The Medical Letter on Drugs and Therapeutics
FROM
ISSUE
1533
Lesinurad/Allopurinol (Duzallo) for Gout-Associated Hyperuricemia
Download PDF:   US English
 Select a term to see related articles  Allopurinol   Duzallo   Febuxostat   Gout   Krystexxa   lesinurad   pegloticase   Uloric   Zurampic   Zyloprim 

The FDA has approved Duzallo (Ironwood), a fixed-dose combination of the uric acid transporter 1 (URAT1) inhibitor lesinurad (Zurampic)1 and the xanthine oxidase inhibitor allopurinol (Zyloprim, and generics), for once-daily treatment of gout-associated hyperuricemia in patients who have not achieved target serum uric acid levels with allopurinol alone.

STANDARD TREATMENT — Recent guidelines offer conflicting views on the benefits of monitoring serum uric acid levels and the appropriate use of urate-lowering therapy in patients with gout,2-4 but most expert clinicians still treat gout-associated hyperuricemia initially with a xanthine oxidase inhibitor such as allopurinol or febuxostat (Uloric) with the goal of reducing the serum uric acid level to <6.0 mg/dL (and preferably to <5.0 mg/dL). The uricosuric drug probenecid can be used as add-on therapy if target serum uric acid levels are not reached with a xanthine oxidase inhibitor alone or as initial therapy in patients who cannot tolerate a xanthine oxidase inhibitor. Probenecid is less effective in patients with renal insufficiency (eGFR ≤30 mL/min). Pegloticase (Krystexxa), a pegylated urate oxidase administered intravenously, is highly effective, but it is very expensive and can cause serious adverse effects, including anaphylaxis; it should be reserved for patients with severe tophaceous gout that has not responded to treatment with both a xanthine oxidase inhibitor and a uricosuric drug.5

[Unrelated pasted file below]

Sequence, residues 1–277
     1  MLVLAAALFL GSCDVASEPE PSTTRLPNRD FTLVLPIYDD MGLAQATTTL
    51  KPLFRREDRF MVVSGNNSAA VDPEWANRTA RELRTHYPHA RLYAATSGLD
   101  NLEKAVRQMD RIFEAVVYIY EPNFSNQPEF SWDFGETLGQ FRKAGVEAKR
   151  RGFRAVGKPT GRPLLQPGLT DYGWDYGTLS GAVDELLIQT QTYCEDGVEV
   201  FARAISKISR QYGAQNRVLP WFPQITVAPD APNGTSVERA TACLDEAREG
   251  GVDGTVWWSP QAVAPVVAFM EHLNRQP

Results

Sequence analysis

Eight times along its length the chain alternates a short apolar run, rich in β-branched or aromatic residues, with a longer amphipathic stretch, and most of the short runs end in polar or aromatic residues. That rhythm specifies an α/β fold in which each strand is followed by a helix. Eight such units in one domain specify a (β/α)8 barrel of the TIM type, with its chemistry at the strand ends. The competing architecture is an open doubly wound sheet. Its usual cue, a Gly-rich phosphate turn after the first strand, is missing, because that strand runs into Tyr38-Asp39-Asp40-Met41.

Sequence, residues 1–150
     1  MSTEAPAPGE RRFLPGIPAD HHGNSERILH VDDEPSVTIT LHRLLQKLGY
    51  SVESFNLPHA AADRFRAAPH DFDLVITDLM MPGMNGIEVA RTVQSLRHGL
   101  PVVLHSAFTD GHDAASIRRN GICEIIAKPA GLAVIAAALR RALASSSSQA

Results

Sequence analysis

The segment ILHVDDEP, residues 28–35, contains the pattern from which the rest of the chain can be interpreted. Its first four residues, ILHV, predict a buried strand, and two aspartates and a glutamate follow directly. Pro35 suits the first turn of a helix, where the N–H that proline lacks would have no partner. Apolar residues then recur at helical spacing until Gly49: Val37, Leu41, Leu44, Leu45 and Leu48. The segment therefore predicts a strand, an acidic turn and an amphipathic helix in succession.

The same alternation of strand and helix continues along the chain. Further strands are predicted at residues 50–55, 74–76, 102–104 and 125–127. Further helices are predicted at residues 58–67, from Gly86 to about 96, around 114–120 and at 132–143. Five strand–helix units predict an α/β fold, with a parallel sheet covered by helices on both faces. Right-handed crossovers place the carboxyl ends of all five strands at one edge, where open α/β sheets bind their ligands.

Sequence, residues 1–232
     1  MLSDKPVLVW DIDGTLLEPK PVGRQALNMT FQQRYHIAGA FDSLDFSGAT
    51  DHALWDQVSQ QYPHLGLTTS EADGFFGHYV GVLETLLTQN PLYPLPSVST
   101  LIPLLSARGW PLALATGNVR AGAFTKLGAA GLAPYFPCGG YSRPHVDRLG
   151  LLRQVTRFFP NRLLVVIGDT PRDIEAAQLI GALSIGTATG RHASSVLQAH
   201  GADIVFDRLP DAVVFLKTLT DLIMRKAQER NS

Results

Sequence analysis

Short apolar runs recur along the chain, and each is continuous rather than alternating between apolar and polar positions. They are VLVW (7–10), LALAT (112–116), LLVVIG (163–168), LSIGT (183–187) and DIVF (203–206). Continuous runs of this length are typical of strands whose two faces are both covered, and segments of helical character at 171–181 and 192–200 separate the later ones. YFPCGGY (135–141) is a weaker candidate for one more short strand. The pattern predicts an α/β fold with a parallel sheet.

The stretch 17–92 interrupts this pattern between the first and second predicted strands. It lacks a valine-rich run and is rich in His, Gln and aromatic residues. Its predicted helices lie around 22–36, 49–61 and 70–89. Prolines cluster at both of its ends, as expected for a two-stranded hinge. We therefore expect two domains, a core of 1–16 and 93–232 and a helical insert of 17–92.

CLINICAL STUDIES — No new clinical trials were required for approval of Duzallo, which was based on pharmacokinetic data and the results of two earlier trials in a total of 1213 patients with serum uric acid levels ≥6.5 mg/dL and ≥2 gout flares in the prior year despite treatment with allopurinol. In both trials, addition of lesinurad 200 mg once daily to allopurinol significantly increased the likelihood of a reduction in serum uric acid levels to <6 mg/dL at 6 months, compared to addition of placebo (54.2% vs 27.9%; 55.4% vs 23.3%).6,7 Addition of lesinurad to allopurinol has not been shown to decrease gout flares or resolve tophi.

ADVERSE EFFECTS — The most common adverse effects reported with use of lesinurad and allopurinol in clinical trials were increases in serum creatinine levels, headache, influenza, and gastroesophageal reflux disease. Most cases of serum creatinine elevation were reversible. Nephrolithiasis and acute renal failure have occurred with use of lesinurad. Major cardiovascular events have also been associated with lesinurad use; a causal relationship has not been established. Hepatotoxicity, bone marrow suppression, and skin rash and hypersensitivity have occurred with use of allopurinol.